Researchers: Combining Two Bone Healing Remedies Can Inhibit Bone Growth and Regeneration

The study shows how important timing and location are to bone growth and proper healing

An MRI of a knee joint, showing damage to the bones.

(Adobe Stock)

Bone has the amazing capacity to regenerate. After a fracture, bone will heal without scarring in healthy people. In aging individuals, or for people with diseases like diabetes, approximately 10% of long bone fractures fail to heal well and require growth factors—or substances to help stimulate regeneration of specific tissues— to heal completely.

Two growth factors—bone morphogenetic protein 2 (BMP2) and platelet-derived growth factor (PDGF)—are currently approved by the Food and Drug Administration (FDA) to assist with bone healing. But combining them may make them less effective, Ivo Kalajzic, professor of reconstructive sciences and Sanja Novak, research instructor in the Center for Regenerative Medicine and Skeletal Development at UConn Health, report in the journal NPJ Regenerative Medicine. Their study evaluated the osteoanabolic—or bone forming—effects of PDGF BB and BMP2 when used together.

PDGF BB inhibits BMP2-induced osteogenesis in critical femoral defects. a Representative 3D images of μCT morphometry of healing defect 9 WPD with bone bridging

Bone morphogenic proteins are important regulators of bone regeneration, while platelet-derived growth factors help regulate cell growth and division. Alone, BMP2 helps increase bone mass and healing. But after evaluating mice treated with both PDGF and BMP2, the researchers found PDGF inhibits BMP2-induced bone growth.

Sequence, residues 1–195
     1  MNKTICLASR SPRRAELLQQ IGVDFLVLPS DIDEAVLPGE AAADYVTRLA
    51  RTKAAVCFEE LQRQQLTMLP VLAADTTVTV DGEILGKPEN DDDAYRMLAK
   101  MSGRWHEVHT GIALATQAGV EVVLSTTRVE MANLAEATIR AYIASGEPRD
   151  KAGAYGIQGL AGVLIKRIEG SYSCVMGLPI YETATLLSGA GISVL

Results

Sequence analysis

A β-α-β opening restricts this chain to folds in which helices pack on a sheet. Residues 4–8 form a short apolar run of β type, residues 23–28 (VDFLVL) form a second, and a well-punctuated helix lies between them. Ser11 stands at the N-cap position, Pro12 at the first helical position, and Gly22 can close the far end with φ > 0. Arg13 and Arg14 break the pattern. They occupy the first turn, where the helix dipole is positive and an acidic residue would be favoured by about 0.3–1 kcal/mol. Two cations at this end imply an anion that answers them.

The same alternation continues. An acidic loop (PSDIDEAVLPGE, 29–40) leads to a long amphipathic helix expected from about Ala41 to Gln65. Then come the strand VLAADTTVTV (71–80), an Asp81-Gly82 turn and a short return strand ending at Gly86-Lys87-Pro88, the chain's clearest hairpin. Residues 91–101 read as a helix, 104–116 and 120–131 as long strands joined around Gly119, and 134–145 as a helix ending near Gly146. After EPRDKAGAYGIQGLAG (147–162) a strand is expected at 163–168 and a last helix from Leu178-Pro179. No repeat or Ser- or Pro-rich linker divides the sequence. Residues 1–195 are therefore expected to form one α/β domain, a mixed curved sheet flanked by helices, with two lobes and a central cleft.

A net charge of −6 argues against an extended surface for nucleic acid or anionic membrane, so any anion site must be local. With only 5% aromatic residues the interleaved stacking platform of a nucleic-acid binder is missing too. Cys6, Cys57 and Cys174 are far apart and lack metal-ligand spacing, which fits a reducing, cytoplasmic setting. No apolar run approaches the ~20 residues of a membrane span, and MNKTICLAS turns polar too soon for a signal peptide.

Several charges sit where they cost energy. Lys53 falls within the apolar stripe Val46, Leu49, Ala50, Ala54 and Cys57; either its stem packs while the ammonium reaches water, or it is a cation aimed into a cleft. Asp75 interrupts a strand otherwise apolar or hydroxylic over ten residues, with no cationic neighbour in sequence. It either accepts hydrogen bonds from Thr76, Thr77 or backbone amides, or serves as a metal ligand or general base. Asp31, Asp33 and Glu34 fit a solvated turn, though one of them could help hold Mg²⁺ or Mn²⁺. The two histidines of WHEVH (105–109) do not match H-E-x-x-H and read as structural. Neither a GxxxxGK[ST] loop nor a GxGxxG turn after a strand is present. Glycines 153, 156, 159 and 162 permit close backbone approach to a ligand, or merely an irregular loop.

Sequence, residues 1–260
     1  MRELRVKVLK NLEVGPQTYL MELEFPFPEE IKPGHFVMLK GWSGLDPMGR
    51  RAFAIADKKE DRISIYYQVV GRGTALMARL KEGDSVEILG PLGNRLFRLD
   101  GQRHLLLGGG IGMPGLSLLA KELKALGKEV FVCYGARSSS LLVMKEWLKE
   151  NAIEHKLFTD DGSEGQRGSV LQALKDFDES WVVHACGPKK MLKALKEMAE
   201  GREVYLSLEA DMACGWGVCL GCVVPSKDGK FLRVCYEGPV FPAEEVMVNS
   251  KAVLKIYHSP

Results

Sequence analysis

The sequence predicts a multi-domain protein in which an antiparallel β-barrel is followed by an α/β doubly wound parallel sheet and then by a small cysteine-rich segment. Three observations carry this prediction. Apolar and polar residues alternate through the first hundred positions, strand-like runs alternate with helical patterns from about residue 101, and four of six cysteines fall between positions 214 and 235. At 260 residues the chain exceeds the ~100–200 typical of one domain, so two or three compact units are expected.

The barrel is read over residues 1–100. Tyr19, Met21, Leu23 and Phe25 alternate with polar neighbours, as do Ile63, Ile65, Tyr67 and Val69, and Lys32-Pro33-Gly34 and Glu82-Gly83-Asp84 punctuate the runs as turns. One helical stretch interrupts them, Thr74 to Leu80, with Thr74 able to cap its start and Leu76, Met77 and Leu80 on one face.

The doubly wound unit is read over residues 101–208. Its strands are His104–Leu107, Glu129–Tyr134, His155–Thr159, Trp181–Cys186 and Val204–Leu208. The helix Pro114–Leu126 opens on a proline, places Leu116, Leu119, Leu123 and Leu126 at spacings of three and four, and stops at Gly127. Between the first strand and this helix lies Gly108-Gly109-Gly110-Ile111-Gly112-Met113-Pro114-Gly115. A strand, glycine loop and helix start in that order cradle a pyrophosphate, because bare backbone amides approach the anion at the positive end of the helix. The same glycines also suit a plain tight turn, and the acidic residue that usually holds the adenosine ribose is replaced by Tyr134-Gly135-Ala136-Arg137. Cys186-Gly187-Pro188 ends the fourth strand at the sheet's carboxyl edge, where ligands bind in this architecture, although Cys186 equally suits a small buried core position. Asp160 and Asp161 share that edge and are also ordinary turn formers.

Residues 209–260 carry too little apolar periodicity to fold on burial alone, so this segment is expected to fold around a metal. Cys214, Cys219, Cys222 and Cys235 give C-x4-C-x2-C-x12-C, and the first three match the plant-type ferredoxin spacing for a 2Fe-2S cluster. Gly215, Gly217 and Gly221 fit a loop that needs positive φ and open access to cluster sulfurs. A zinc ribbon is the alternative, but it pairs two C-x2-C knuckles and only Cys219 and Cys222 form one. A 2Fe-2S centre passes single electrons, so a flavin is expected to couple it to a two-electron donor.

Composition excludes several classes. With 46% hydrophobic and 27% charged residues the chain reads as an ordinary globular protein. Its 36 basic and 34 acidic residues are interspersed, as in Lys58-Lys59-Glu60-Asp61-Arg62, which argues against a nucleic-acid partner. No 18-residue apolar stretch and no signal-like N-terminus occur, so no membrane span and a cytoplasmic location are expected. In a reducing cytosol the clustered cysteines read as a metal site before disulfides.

“This is a clinically relevant study as BMP2 has been a widely used osteoanabolic in clinical practice and more studies are needed to understand how to improve its effects and lower the therapeutic dose to achieve the same or stronger bone healing effect,” Kalajzic said.

To test the impact of both growth factors when combined, the researchers used multiple genetically modified mice and used microsurgical approaches to create bone fractures and “critical size” bone defects—or defects 20% of bone length. According to the researchers, the rodent model is ideal to understand the genetic regulation of bone healing.

The researchers discovered the negative role of PDGF signaling in regulating BMP2-induced bone formation when placed within the bone defect. The combined treatment of critical sized defects early in the healing process decreased osteoprogenitor—or bone forming—cell numbers and limited the expansion of stem/progenitor cells, resulting in less bone formation 9 weeks after the defect. However, inhibition of PDGF signaling early in the healing process did not lead to improved BMP2-induced osteogenesis, indicating PDGF is required for the healing process.

The study shows that two individual bone building agents, when combined, can actually decrease bone growth. The data shows how important timing and location are to bone growth factor effectiveness and proper healing.

The researchers said, “While BMP2 is usually clinically used, this study suggests that future studies are needed and other mechanisms need to be explored besides interactions between PDGF and BMP signaling to help induce bone regeneration and diminish significant side effects in patients.”


This study was funded by NIH/NIAMS grants AR055607 and AR070813 to I.K and BMP2/infuse was provided by Medtronic.